Lower GI Series (barium enema)
A lower GI series, or barium enema, is an x-ray test in which a white liquid, called barium, is placed into the rectum and colon through the anus to enhance x-ray pictures of the large bowel (colon). These x-rays are used to define normal and abnormal anatomy of the colon and rectum. Colon and rectal abnormalities that can be detected include diverticulosis,
diverticulitis, abnormal colon movement, dilation of the colon, polyps, and cancers of the colon and rectum.
A barium enema may be performed for a variety of reasons, including to aid in the diagnosis of colon and rectal cancer (or colorectal cancer), and inflammatory disease. Detection of polyps (a benign growth in the tissue lining of the colon and rectum), diverticula (a pouch pushing out from the colon), and structural changes in the large intestine can also be established with this test. The double-contrast barium enema is the best method for detecting small tumors (such as polyps), early inflammatory disease, and bleeding caused by ulcers.
The decision to perform a barium enema is based on a person's history of altered bowel habits. These can include diarrhea, constipation, any lower abdominal pain they are currently exhibiting, blood, mucus, or pus in their stools. It is also recommended that this exam be used every five to 10 years to screen healthy people for colorectal cancer, the second most deadly type of tumor in the United States. Those who have a close relative with colorectal cancer or have had a precancerous polyp are considered to be at an increased risk for the disease and should be screened more frequently to look for abnormalities.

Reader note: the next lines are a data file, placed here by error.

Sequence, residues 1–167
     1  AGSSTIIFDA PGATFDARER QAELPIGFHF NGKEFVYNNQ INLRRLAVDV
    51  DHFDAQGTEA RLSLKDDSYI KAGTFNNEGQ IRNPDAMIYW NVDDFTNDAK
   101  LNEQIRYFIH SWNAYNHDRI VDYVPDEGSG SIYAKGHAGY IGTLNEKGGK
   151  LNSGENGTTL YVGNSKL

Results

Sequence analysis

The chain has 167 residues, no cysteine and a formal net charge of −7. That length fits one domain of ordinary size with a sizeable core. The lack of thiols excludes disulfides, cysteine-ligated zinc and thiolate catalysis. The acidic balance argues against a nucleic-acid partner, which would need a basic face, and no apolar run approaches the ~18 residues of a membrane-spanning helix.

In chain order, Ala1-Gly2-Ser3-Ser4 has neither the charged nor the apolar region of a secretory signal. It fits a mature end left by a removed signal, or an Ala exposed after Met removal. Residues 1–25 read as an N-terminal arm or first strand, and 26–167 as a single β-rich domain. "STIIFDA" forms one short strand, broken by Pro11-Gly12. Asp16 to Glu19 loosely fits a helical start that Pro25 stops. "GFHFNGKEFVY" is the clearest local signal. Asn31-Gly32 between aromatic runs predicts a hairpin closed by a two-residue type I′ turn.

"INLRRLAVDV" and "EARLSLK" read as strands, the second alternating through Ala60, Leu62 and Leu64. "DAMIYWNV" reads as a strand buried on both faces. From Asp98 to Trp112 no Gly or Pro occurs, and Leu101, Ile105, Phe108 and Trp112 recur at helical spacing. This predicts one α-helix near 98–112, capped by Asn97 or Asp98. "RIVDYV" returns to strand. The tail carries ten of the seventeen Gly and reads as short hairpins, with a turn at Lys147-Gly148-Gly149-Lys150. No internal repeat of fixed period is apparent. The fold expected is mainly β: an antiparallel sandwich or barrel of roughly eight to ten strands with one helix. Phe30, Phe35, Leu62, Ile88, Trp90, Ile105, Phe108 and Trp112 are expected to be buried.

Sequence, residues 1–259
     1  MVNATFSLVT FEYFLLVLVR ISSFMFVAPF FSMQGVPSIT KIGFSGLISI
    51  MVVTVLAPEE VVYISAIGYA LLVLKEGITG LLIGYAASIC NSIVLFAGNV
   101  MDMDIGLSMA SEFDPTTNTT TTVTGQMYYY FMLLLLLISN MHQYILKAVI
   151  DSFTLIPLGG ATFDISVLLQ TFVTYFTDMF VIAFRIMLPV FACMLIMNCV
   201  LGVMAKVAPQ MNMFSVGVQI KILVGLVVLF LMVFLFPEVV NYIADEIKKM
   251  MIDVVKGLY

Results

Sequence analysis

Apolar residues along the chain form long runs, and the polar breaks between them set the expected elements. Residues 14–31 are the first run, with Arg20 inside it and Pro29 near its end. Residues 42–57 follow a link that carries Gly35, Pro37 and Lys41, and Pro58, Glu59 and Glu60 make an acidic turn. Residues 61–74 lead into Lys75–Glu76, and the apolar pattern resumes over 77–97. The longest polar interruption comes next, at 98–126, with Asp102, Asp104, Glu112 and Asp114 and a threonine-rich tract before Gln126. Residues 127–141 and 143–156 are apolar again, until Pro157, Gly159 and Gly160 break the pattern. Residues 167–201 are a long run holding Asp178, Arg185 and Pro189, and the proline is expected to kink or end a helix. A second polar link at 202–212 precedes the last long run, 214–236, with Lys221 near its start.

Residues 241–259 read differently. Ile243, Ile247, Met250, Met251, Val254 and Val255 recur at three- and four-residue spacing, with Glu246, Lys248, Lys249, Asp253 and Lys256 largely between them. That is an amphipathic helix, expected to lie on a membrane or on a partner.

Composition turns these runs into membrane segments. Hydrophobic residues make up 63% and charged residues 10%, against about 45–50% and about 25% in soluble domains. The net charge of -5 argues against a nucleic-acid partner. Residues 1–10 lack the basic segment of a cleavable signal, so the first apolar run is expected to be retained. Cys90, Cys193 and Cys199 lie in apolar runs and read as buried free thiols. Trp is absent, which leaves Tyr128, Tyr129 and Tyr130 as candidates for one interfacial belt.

There are two types of barium enema. In a single-contrast study, the colon is filled with barium, which outlines the intestine and reveals large abnormalities. In a double-contrast or air-contrast study, the colon is first filled with barium and then the barium is drained out, leaving only a thin layer of barium on the wall of the colon. The colon is then filled with air. This provides a detailed view of the inner surface of the colon, making it easier to see small polyps, colorectal cancer, or inflammation.
What's the preparation for a barium enema?
The preparation for a barium enema usually involves a very thorough cleaning of the large intestine, because the colon must be completely clear of stool (feces) and gas. Even a small amount of fecal material can affect the accuracy of the test. In order to conduct the most accurate barium enema test, the patient must follow a prescribed diet and bowel preparation instructions prior to the test. This preparation commonly includes restricted intake of diary products and a liquid diet for 24 hours prior to the test, in addition to drinking large amounts of water or clear liquids 12-24 hours before the test. Patients may also be given laxatives, and asked to give themselves a cleansing enema.